[R]ecently I posted this picture on my Google+ account, Tweeted it and said I’d talk about it Monday. What inspired me taking the picture? Do I really make $50k a week on Clickbank?
My Clickbank “Money Shot”
Holy KAW! You’re KILLIN’ IT MAN!
I am SO killin’ it – killing the B.S. and hype.
Let me come clean here: I don’t make $50k a week.
Not sure I ever will, I’m not losing sleep over it, trust me. I do make a fully passive income (the details of which I no longer share), but it’s nothing like $50k a week, or a month.
Clickbank isn’t even my best performer. The only sales I make there are the random tool here and there for IMers, but my living isn’t earned by selling to the internet marketing niche.
That’s what finally got through my thick head this past week (forgive me for being so dense): the Warrior Forum is chock-full of people who live off the internet marketing niche. How’s that for a “revelation?”
But it’s deeper than that. I learned a bit when I saw what they wanted to ban, in addition to how these Warrior Special Offers are normally pitched.
What IS A WSO?
Here I am assuming you know – but not everyone goes to the Warrior Forum so let me define it. A “WSO” is a Warrior Special Offer, a discount given on a product that sells elsewhere for more money.
The WSO section of the forum isn’t only about making money online or SEO products, but that’s the majority of the products there: making money online, traffic generation, SEO, etc.
If You Can’t Prove It, Fake It
Fake testimonials and screenshots are instant credibility, just like plastic surgery: looks good from here, but it’s unreal. No, really: it’s NOT real.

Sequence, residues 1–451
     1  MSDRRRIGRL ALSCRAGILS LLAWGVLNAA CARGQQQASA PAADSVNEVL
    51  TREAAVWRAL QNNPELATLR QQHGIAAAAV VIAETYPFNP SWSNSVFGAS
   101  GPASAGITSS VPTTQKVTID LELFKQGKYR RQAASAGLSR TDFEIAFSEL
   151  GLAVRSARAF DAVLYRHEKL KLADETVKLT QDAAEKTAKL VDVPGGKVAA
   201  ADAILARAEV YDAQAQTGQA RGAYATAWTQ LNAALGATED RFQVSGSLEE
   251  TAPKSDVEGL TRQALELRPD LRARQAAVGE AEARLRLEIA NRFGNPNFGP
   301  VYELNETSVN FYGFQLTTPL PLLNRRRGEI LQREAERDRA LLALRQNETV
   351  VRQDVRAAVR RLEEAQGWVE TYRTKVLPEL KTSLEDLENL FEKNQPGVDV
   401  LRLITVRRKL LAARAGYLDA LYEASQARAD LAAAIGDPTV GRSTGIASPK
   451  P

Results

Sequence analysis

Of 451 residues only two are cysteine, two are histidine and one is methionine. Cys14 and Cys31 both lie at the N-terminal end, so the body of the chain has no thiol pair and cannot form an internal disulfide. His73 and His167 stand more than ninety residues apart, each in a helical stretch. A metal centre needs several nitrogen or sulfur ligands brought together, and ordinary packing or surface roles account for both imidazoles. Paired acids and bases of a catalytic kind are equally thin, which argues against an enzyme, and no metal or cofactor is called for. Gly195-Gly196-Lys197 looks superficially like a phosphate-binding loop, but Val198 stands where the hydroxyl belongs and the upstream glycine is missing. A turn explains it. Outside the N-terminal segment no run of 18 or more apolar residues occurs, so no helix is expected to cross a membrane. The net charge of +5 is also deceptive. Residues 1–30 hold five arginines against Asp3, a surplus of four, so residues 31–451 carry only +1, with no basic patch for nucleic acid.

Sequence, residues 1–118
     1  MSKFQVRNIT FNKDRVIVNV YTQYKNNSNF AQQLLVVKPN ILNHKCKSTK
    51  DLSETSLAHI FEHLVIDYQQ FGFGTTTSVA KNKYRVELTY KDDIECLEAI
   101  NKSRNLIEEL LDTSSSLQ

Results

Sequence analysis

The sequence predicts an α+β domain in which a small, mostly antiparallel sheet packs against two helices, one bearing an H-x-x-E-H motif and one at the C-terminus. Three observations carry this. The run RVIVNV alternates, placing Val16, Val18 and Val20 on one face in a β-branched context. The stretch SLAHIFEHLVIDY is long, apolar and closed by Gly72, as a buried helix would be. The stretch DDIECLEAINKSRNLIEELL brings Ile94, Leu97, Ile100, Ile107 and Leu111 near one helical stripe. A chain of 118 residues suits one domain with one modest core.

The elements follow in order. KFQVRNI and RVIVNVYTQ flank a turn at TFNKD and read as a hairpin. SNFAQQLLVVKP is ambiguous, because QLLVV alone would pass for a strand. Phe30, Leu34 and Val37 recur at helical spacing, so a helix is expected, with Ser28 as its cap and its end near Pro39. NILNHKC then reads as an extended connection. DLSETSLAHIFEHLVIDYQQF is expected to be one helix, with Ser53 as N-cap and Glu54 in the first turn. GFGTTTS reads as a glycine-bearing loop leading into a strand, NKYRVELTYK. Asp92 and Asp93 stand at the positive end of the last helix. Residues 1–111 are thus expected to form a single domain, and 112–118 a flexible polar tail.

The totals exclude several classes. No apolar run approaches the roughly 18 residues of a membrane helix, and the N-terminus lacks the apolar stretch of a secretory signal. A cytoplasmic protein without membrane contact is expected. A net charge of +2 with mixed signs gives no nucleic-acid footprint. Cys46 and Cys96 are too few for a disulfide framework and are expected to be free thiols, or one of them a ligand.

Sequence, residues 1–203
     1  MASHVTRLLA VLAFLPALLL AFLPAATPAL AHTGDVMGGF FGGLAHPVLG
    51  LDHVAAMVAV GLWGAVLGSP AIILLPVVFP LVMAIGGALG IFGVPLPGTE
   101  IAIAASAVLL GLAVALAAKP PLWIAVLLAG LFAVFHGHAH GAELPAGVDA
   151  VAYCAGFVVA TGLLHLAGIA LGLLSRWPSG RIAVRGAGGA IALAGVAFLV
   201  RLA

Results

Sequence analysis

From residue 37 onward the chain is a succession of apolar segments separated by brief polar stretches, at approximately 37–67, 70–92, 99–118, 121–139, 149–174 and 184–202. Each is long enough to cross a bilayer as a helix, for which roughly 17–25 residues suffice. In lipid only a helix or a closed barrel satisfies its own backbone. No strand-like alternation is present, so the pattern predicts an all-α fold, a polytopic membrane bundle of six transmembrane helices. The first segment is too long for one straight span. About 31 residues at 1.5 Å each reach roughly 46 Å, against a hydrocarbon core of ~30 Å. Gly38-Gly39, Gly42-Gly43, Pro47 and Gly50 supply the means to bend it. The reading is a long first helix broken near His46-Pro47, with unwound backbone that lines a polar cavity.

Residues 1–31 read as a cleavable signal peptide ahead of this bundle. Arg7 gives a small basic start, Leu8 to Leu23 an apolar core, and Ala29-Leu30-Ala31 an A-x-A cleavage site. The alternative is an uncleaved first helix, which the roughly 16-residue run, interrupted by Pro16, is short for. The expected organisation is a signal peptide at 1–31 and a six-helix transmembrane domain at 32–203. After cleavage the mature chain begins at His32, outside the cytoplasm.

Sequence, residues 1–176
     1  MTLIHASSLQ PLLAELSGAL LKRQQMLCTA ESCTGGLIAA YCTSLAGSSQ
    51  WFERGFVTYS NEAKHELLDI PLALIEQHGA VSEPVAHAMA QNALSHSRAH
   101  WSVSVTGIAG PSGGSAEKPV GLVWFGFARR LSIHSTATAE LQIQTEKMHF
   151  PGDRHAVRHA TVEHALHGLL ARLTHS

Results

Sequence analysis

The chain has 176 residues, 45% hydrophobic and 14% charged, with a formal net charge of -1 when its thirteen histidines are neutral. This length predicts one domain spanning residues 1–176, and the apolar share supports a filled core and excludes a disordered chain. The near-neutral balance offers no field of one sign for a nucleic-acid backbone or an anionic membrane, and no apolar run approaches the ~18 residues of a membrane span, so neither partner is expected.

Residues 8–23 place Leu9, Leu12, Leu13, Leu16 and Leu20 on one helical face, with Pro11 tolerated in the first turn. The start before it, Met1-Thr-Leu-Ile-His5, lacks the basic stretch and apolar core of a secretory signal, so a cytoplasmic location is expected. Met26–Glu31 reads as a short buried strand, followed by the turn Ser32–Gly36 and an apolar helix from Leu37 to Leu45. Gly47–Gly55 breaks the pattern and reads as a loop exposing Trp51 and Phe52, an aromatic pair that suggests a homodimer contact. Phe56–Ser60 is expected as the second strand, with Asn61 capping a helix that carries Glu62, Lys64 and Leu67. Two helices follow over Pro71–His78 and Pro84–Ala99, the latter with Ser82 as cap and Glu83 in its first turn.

Why I Doctored That Screenshot
…And what does this have to do with a banned post on the Warrior Forum?
Spend 2 minutes in the “Warrior Special Offers” section (WSO’s), and you’ll see tons of money-shots like the one I just showed you. Plenty of people already know how to doctor it up good and make it look real.
I did it in 3 minutes using free tools, it’s not hard but don’t ask me how to do it – I’m not keen on showing how to become a fraud.
On top of the screenshots, you’ll see tons of testimonials from other Warriors singing your praises when you sell a WSO (wait: those are “real,” right?)…
I hate to burst your bubble, but don’t be so easily impressed by all that “proof.”
The Warrior Forum seems a wee bit fishy when they delete a post like mine (of course I’m biased, I wrote the thing – will post it later this week), but they accept my WSO which I paid $40 to publish.
I published both within minutes of each other. Once my WSO went live, the cockroaches came out in droves.
What? You posted a WSO there? Are you a hypocrite or what?
Yes: I did. No: not a hypocrite.
I have a book I’d like to sell and get more exposure for, so I figured I’d go where people could use it most: where new people come in droves and look for a resource to get their websites ranking.
My thinking was and still is that if you get my book (if you’re new especially) it can save you lots of money on tools and services you don’t really need – so it’s a good fit, right? I thought so anyway…
And I figured writing an open letter addressed to my target market would be a way to give a little back to the forum, which would coincide with releasing my WSO.
Curiously, the post was banned, but my WSO was accepted. Maybe it’s not so much “curious” as it is “obvious.” You don’t have to pay to post a thread, but you do have to pay to post a WSO.
What made this whole thing worse, the admins didn’t reply to my inquiries as to why this thread was deleted. Why not?